The most ancient grant of a Coat of Arms found was:

Black with a silver chevron between three dolphins.

The Crest was:

A dolphin.

(Researched by Hall of Names Marketing, Inc.,1-800-265-7099)

NOTE: Colonel Arthur William Wellington Freer (Canadian Freers) also spelt his name (according to military rolls) as "FREEAR" on occasion, but his children spelt their surname FREER. (Stan Freer)

The following information on the Surname FREER comes from "A Dictionary of Surnames" by Patrick Hanks and Flavia Hodges, Oxford University Press, p. 194, 1988)

FREER 1. English: nickname for a pious person or for someone employed at a monastery, from ME, OF frere friar, monk (L frater brother)

Surname: Freear There are two possible sources of this interesting and unusual name, the first being that it is a nickname for a pious person, or an occupational name for someone employed in a monastery, from the Middle English, Old French 'frere', Latin 'frater', brother, meaning a friar or a monk. However, Freer is also a Flemish cognate of the personal name Frederick, which was introduced into England by the Normans after 1066, and is composed of the elements 'fred', peace and 'ric', power. The name Frederick was borne by a canonized 9th Century bishop, and was a hereditary name among the Hohenstaufen ruling family, hence its popularity in Central Europe. Amongst the early recordings in London is the christening of Edwarde Freer on August 1st 1574 at St. Andrew's, Enfield, and the marriage of Cecelie Freer and Henry Hyder on June 28th 1603 at Kensington. The first recorded spelling of the family name is shown to be that of Robert (le) Frere, which was dated 1196-1197, in the Pipe Rolls of Yorkshire, during the reign of King Richard 1, known as 'The Lionheart', 1189-1199. Surnames became necessary when governments introduced personal taxation. In England this was known as Poll Tax. Throughout the centuries, surnames in every country have continued to "develop" often leading to astonishing variants of the original spelling. Copyright: Name Orgin Research 1980 - 2007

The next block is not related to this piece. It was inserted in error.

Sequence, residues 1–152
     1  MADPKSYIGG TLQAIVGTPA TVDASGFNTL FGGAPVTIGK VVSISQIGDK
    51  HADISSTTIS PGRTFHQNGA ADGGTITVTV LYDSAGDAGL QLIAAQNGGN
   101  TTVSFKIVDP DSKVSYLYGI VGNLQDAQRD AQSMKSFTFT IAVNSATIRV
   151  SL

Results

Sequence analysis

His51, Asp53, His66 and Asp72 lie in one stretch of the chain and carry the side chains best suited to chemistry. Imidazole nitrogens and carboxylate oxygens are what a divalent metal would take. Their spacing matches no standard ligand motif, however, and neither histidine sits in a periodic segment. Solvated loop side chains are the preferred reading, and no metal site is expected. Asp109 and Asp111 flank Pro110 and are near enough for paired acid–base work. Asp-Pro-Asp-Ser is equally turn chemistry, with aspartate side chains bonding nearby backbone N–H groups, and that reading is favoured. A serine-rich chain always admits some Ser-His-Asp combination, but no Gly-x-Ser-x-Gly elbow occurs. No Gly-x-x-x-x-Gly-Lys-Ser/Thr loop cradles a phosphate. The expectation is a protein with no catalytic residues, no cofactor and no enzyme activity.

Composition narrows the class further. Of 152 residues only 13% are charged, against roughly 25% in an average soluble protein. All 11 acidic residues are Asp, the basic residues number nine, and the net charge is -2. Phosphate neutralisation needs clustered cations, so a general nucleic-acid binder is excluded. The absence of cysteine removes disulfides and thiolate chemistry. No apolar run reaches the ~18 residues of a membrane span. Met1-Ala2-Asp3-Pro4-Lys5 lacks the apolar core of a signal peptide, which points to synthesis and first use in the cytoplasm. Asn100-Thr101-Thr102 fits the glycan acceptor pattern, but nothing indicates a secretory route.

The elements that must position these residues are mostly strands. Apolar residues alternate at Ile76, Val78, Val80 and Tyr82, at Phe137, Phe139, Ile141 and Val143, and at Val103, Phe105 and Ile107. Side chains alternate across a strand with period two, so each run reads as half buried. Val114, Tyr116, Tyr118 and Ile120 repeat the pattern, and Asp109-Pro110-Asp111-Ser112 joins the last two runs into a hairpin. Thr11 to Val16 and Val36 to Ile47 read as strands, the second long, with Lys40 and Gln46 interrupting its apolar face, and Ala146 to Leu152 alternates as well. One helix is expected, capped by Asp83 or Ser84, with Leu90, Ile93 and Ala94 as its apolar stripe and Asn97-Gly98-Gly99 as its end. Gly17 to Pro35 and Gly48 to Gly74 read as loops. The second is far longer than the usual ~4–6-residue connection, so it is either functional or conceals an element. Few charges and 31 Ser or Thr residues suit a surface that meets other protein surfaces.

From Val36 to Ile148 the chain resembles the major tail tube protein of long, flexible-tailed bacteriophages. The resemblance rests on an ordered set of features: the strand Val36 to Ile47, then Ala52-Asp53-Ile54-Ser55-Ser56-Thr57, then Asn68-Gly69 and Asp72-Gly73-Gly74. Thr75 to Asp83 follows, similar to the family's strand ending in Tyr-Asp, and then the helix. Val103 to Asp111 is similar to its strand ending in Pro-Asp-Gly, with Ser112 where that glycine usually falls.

2. Flemish:cogn. of Frederick.

Vars. (of 1): Fre(e)ar, Frere, Frier, Fryer, Friar

Cogns. (of 1): Sp.: Freire, Fraile. Port.:Freire.

Patrs. (from 1): Eng.: Frears(on), Frierson.

According to Richard Hollier from New Zealand who is doing research on the Freer Family the motto for the Freer Crest is "Aime Ton Frere" or "Love Thy Brother", which certainly relates to the above information.

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Description of Lothian, Scotland Region